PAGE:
France to withdraw ambassador and troops from Niger: Macron
French President Emmanuel Macron announces that France will recall its ambassador from Niger, with plans to withdraw its military contingent in the coming months.
French President Emmanuel Macron announced on Sunday that France will summon back its French Ambassador to Niger, Sylvain Itte, along with the entire personnel from the French Embassy in the West African nation.
Macron stated, "The Ambassador in Niamey, along with all embassy staff, will be repatriated to France in the forthcoming weeks or months."
Macron said that France plans to orchestrate the withdrawal of its troops from Niger in the upcoming weeks or months, with the French military personnel returning to France by the conclusion of 2023.
"I held discussions with President Mohamed Bazoum today and conveyed France's decision to recall our ambassador... We will also terminate our military collaboration with the current Nigerien authorities, as their primary focus is no longer counterterrorism. This signifies the conclusion of our partnership. The withdrawal of our troops will be systematically organized over the coming weeks or months, with our troops returning before the year's end," Macron informed TF1, a French broadcaster.
Earlier in August, the new Nigerien government issued an ultimatum for the French ambassador to depart within 48 hours, AFP reported.
In a statement, Niger's Minister of Foreign Affairs revealed that the decision to expel French Ambassador Sylvain Itte was prompted by a series of perceived provocations by the French government.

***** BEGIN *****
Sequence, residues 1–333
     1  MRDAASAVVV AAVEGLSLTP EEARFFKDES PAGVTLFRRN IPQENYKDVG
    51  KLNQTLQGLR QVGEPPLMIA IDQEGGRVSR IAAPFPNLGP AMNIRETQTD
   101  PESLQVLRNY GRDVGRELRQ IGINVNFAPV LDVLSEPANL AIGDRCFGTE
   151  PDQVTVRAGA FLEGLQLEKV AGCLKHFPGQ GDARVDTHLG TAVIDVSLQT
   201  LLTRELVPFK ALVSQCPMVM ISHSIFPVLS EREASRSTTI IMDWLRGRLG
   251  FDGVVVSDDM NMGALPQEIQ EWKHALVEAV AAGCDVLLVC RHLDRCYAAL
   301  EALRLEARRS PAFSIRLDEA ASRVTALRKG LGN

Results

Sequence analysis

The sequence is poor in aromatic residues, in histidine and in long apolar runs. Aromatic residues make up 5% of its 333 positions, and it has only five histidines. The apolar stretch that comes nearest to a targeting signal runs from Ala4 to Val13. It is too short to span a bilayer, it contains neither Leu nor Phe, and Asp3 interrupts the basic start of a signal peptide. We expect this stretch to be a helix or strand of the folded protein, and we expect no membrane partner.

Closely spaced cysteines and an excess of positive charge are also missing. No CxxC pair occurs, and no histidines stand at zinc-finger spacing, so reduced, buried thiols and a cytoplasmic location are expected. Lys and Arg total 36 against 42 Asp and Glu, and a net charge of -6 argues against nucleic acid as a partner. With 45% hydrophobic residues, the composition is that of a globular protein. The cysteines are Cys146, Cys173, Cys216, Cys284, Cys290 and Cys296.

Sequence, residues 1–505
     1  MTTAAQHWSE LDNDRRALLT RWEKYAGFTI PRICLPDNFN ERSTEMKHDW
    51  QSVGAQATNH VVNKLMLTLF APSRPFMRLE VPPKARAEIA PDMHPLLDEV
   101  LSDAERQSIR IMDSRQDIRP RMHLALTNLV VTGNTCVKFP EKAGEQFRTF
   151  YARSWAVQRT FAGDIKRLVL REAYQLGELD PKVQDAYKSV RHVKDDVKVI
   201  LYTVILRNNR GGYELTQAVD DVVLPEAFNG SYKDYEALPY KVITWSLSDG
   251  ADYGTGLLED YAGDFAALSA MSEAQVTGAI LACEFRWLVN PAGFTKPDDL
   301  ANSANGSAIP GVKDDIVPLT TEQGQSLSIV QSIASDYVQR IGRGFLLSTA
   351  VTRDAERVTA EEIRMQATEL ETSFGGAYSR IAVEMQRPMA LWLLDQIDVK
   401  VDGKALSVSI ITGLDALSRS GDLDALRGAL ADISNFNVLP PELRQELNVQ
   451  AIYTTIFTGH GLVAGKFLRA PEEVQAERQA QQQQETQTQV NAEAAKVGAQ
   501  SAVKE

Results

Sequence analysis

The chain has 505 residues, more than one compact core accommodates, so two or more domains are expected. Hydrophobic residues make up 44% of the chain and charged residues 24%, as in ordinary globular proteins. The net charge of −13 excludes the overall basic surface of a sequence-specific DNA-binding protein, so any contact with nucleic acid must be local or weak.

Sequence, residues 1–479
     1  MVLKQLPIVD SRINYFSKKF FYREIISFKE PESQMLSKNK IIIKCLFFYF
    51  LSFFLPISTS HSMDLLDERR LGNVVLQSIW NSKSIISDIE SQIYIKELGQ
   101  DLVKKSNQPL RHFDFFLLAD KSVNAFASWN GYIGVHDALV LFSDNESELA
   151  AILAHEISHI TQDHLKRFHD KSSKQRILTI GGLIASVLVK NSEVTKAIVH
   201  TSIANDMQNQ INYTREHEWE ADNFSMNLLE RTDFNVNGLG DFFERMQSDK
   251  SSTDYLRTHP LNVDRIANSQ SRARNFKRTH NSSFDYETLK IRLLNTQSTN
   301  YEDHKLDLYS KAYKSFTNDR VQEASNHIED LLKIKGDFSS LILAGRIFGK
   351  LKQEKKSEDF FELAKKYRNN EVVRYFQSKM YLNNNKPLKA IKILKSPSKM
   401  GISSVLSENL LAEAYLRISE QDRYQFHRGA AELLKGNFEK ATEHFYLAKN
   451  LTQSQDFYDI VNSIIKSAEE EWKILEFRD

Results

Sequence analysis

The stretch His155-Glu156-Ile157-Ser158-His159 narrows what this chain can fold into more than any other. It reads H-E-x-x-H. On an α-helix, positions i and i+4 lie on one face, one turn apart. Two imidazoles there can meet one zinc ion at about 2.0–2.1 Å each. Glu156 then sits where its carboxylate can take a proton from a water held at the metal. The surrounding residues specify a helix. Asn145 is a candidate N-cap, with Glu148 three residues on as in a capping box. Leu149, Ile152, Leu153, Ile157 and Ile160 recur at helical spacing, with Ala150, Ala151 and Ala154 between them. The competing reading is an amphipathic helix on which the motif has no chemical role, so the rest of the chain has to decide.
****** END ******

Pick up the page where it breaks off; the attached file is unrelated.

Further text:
Notably, the refusal of the French ambassador to engage in a scheduled meeting with the minister and other actions that were deemed contrary to Niger's interests led to this drastic diplomatic measure.
The strained relationship traces back to suspicions that Paris has covert designs to intervene militarily in Niger, to reinstate the ousted President Bazoum.
What you need to know
On July 26, Niger's presidential guard overthrew Bazoum. The guard's commander, Abdourahmane Tchiani, proclaimed himself the country's new leader.
The military chiefs of the Economic Community of West African States met to discuss options for military intervention in Niger. The goal of the meeting reportedly is to outline a plan for the intervention, its strategy, logistical aspects, and timetable.
Correspondingly, military leaders in Niger have warned against any armed intervention in their country, stressing that they will "resolutely defend their homeland."
The interim governments of Mali and Burkina Faso warned that any military intervention against Niger would be considered a declaration of war against them.
ECOWAS has resorted to implementing a full pressure campaign on the country, which included the closure of land and air borders between the bloc's countries and Niger, the suspension of all commercial and financial transactions with it, and the freezing of the country's assets in ECOWAS Central Banks.
The bloc also suspended all financial aid to Niger, froze the assets of the coup leaders, their families, and supporters, and imposed a ban on commercial flights to and from the country.